These are the pains that come along with the growing the LSU men’s basketball program is trying to do.
Saturday brought a 95-70 blowout loss at Southeastern Conference-leading Auburn, a game that for LSU had all the numbing charm of a root canal.
Monday, even the anesthetic wore off. First-year coach Will Wade announced that he has permanently booted forward Galen Alexander from the team, dismissed forward Mayan Kiir for at least the remainder of this season and suspended forward Wayde Sims and guard Brandon Rachal for Wednesday’s game at Tennessee.
All played in reserve roles at Auburn. Knowing what he knows now, Wade probably would have left the four home then. Wade acknowledged he made his decisions before the Auburn game but needed more time “to do what needed to be done.” It’s not the world’s greatest excuse but, given the way it turned out, it’s highly unlikely Wade was hoping the four players would help LSU upset Auburn.
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Wade’s disciplinary moves will leave the Tigers with just seven available scholarship players to take on the No. 18-ranked Volunteers, fading LSU’s already slender hopes of an upset to a near vanishing point.
It’s a killer for this LSU team to have to go through such a shocking loss of key players and hard-to-replace depth right now. At 12-8 overall (3-5 SEC) and with an RPI of 81, LSU is still trying to nurse hopes of at least an NIT appearance into reality. A win at Tennessee, were the Tigers to be able to pull it off, would be their sixth against an RPI top-50 team (the Volunteers were at No. 13 Monday) and would turn a lot of heads with LSU’s ability to pick itself up after getting decked at Auburn.
But discipline, drawing the line and not putting up with a lot of shenanigans is more important for this program for the long term.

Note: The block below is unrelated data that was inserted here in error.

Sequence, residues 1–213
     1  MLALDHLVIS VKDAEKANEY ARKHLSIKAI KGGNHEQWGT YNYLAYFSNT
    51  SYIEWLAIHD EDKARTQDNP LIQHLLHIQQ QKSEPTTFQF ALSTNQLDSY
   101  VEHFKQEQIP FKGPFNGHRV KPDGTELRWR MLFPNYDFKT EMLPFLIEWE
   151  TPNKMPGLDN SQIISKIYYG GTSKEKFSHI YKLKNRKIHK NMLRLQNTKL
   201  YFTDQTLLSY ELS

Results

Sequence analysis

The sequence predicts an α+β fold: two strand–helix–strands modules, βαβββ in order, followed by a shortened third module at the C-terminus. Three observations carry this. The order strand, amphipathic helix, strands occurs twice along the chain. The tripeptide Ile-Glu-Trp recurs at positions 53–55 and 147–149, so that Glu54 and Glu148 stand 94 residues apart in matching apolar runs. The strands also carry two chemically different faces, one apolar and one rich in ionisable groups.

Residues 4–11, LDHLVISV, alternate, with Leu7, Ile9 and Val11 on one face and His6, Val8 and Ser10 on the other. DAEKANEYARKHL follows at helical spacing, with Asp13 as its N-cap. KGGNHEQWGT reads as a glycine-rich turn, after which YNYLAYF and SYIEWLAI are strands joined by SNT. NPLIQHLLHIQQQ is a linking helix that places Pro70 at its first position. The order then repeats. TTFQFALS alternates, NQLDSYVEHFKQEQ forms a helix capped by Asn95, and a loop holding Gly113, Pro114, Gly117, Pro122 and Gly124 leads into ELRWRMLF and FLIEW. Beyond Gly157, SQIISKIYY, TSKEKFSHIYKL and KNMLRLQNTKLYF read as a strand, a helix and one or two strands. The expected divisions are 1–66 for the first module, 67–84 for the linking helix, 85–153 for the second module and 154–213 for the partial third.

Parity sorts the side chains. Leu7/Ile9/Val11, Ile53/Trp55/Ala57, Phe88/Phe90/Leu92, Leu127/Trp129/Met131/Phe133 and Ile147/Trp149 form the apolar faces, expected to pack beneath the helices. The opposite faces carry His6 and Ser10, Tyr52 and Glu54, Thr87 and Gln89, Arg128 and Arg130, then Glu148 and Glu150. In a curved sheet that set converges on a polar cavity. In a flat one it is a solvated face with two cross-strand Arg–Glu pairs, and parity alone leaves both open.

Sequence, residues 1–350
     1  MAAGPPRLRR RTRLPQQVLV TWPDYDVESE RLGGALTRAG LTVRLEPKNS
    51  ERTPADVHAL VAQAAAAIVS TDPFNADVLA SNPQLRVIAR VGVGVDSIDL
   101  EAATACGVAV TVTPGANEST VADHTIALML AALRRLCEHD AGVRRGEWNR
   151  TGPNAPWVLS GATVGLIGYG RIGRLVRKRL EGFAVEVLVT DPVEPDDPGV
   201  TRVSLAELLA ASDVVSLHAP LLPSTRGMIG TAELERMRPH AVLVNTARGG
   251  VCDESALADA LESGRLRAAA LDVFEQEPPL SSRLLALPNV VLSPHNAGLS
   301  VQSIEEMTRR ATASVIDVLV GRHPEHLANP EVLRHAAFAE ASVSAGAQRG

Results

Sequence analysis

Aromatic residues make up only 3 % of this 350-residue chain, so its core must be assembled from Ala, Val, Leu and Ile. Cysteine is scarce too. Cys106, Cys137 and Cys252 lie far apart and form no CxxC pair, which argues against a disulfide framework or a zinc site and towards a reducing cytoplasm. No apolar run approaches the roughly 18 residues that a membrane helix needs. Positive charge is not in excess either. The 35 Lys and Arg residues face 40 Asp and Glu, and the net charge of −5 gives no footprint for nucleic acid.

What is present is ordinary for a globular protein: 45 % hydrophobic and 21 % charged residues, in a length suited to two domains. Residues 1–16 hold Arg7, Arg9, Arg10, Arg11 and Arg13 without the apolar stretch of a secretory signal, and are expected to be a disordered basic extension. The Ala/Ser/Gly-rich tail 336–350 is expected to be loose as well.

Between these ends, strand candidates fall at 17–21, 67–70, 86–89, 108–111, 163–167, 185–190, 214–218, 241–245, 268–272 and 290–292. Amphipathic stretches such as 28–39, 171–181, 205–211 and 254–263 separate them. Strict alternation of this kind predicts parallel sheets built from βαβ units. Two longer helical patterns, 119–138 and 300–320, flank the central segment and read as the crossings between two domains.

Wade doesn’t come across as a “let me be your buddy” type with his players. Beneath that cherubic 35-year-old face is some hard iron. He didn’t say what the four disciplined players did to earn what they got, but it’s obvious from his demeanor and tone he doesn’t put up with a load of foolishness.
“It’s a tough day any time you’ve got to make decisions like that,” Wade said on his weekly radio show Monday night, near the end of a day that started with a 6 a.m. film session that forced his team to face the horrors of the Auburn game. “But that’s why you’re the head coach."
Earlier Monday at a short and somber news conference, Wade said, “You have to maintain a culture. You have to maintain a level of discipline within your program.”
The middle of your first season, when you were picked last in the SEC before the season, is the best time to draw a line for the seasons to come. Though LSU caused some flutters with its back-to-back road wins at Texas A&M and Arkansas, expectations will never be lower than this season. If disciplining players costs you a game or more, now is the time.
Regardless, it’s quite a load for this LSU program and its young coach to deal with all at once. Monday had already brought national scrutiny as an NBCSports.com story questioned LSU’s previously reported decisions to bring in transfer forward Kavell Bigby-Williams from Oregon and pursue a commitment from five-star forward Emmitt Williams.
Bigby-Williams, sitting out this season under NCAA transfer rules, arrived at LSU after being investigated under a rape charge from 2016. Bigby-Williams was never charged. Williams was arrested in October on charges of sexual battery and false imprisonment. Charges were filed but dropped in December.
Wade was unable to comment publicly on Williams because he is not an LSU signee. Of Bigby-Williams, Wade told The Advocate’s Sheldon Mickles on Monday: “We issued a statement on Kavell when we signed him, and we’re sticking by what we issued.” That statement said LSU had fully investigated Bigby-Williams and was satisfied with its ability to sign him in good conscience. It is worth noting that Oregon didn’t suspend him during the 2016-17 season after he was charged.
It’s right that LSU and Wade get closely examined for the players it has and wants to bring into the program.